“PUT DOWN THE BOOK”!
I remember this haunting cry as if it were yesterday. I was sitting outside the gym on a fall day after football practice waiting to be picked up. I was a freshman and had just been yelled at by a car full of seniors.
Far from being embarrassed, I was confused. Why would someone tell me to stop reading a book? Didn’t they know what was in them? I soon discovered, they didn’t.
In fact, the average American reads about 6 books per year. And I’m not talking actual books. That includes trash like Nicholas Sparks and Fifty Shades of Grey.
So what is so important about books that I would write a whole article about them?
(If you already know the importance of reading, download my list of five books every man should read.
Read What Dead Men Have Written
Reading is one of the most powerful tools for acquiring more knowledge. Think about it for a moment, not only can you read the ideas of men who lived in ancient Greece but you can gain the knowledge that someone learned over an entire professional career. You can gain that experience in two weeks of reading for 30 minutes every night. All of the knowledge gained over the course of a thirty year professional career gained in two weeks. That is incredibly powerful.
I always like to joke that one of my favorite things to do is to talk with dead people. People think I’m weird, and when I tell them I actually read a lot, they believe that I’m even weirder. I believe that now, more than ever, it is critically important to be reading. For many of us, history begins the day that we are born. There is a reason why the clichéd phrase “history repeats itself” is a cliché.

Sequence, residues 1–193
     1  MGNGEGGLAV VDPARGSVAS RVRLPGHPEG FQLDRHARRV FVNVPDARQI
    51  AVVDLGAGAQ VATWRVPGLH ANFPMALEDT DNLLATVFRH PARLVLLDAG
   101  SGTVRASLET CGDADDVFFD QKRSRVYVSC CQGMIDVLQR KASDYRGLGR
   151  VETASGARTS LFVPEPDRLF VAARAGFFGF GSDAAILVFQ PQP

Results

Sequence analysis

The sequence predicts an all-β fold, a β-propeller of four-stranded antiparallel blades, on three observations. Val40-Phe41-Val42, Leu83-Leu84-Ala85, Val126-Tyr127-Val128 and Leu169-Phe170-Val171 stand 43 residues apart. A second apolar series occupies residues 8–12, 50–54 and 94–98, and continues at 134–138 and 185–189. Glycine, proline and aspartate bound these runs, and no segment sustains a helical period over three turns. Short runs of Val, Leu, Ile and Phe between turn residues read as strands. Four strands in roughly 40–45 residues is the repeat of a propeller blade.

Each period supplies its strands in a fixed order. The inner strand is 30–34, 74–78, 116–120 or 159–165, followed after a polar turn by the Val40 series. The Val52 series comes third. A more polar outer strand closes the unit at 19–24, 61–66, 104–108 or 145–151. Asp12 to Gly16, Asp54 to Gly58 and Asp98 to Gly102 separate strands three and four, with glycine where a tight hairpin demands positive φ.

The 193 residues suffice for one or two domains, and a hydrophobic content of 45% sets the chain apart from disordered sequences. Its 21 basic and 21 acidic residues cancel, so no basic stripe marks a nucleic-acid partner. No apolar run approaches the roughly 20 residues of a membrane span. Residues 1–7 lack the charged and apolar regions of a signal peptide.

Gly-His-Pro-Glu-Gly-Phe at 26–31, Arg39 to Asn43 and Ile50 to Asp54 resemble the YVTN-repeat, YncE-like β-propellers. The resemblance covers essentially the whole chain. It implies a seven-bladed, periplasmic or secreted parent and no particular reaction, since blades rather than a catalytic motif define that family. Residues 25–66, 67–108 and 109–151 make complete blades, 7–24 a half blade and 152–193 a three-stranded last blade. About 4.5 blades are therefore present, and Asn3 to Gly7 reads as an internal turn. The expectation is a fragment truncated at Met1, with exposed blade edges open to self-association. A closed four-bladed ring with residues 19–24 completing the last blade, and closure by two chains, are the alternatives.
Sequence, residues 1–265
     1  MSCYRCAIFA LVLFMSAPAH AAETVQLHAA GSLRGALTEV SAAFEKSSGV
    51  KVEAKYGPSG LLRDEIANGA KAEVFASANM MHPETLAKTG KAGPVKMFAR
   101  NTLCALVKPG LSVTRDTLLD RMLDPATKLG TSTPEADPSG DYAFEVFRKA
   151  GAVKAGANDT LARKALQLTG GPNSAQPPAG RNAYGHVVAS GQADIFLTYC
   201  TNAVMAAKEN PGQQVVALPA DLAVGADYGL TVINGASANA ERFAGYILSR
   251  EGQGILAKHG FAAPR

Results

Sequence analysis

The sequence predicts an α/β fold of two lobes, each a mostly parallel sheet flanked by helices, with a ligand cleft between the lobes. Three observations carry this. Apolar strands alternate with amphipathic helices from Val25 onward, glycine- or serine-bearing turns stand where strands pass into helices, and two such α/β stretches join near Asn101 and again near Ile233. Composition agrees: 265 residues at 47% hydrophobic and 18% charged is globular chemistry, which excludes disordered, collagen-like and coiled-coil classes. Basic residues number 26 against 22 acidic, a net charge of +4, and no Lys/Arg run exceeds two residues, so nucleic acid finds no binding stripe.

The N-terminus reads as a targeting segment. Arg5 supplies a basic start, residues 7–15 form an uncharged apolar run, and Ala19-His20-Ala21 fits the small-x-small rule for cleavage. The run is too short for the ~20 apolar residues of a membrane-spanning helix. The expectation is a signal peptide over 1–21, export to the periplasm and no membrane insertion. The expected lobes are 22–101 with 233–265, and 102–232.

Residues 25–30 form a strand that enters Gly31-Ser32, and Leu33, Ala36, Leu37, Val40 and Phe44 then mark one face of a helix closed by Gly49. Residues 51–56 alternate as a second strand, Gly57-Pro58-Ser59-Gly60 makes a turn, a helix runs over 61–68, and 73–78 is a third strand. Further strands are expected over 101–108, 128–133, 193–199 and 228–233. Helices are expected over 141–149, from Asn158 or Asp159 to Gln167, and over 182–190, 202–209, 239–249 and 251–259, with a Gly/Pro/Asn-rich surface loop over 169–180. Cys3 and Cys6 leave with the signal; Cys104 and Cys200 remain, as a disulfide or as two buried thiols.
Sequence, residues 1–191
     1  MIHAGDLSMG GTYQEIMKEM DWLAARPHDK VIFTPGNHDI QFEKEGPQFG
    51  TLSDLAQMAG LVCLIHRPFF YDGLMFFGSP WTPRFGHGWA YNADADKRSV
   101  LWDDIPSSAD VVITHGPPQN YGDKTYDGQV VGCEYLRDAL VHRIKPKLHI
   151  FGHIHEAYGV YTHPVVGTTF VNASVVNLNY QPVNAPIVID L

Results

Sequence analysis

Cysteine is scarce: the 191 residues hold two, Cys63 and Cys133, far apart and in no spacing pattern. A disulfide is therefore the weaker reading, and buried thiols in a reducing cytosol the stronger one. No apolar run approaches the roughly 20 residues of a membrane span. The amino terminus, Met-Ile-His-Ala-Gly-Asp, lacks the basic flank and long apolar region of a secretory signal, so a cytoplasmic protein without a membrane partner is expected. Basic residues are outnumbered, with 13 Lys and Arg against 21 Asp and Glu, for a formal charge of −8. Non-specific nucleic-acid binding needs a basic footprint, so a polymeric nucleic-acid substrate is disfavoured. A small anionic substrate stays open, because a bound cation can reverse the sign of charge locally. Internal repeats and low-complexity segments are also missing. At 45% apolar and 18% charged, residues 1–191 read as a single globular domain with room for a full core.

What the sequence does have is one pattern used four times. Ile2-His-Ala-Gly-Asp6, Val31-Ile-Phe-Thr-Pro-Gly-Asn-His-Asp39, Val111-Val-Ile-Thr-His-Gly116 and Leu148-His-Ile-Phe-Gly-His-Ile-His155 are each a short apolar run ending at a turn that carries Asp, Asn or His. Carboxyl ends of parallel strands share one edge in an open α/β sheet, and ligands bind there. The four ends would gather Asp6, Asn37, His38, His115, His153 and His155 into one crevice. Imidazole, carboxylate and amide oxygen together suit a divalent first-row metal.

Reading provides you perspective on what has come before so that you can accurately plot what your future holds for you. There is nothing new under the sun, the background merely changes. Men in ancient Greece struggled with the same problems that you grapple with today. The only difference is that you have a broader knowledgebase to draw on.
You may laugh at the idea that you can navigate the miasma that is your future with the wisdom of dead men. But it’s true. Steven Covey may have passed away recently but his book, The Seven Habits of Highly Effective People contains timeless wisdom about personal and professional development. It has helped me immensely in my own life, and I can guarantee you that it can help you.
Average is Over
This point ties in strongly with my post about the death of the career man. Being average is over. We have entered an incredibly competitive era in human existence, and the only trend is that it is going to become more competitive as more and more people enter the global marketplace.
You need to provide an incredible amount of value in the current environment and to do that you need to expand your human capital. The time to acquire skills is not when you are out of a job but now.
I just want you to reflect on a moment about all of the companies which have died or have been gutted by the information age:
- Borders Books
- Circuit City
- America Online
These were just a few that I could think of off of the top of my head. One of the largest corporations in the world, IBM, almost went out of business because they didn’t see the personal computing trend coming.
This rapid disruption of ossified industries is not going to slow down anytime soon. Do not rely on those corporate jobs to be there for your entire life and do not expect a single skillset to get you through your whole life. You must remain flexible and adaptive.
Your point of differentiation in this new era must be your skills, knowledge and how you connect with another person. In other words, you need soft skills to add to your hard skills.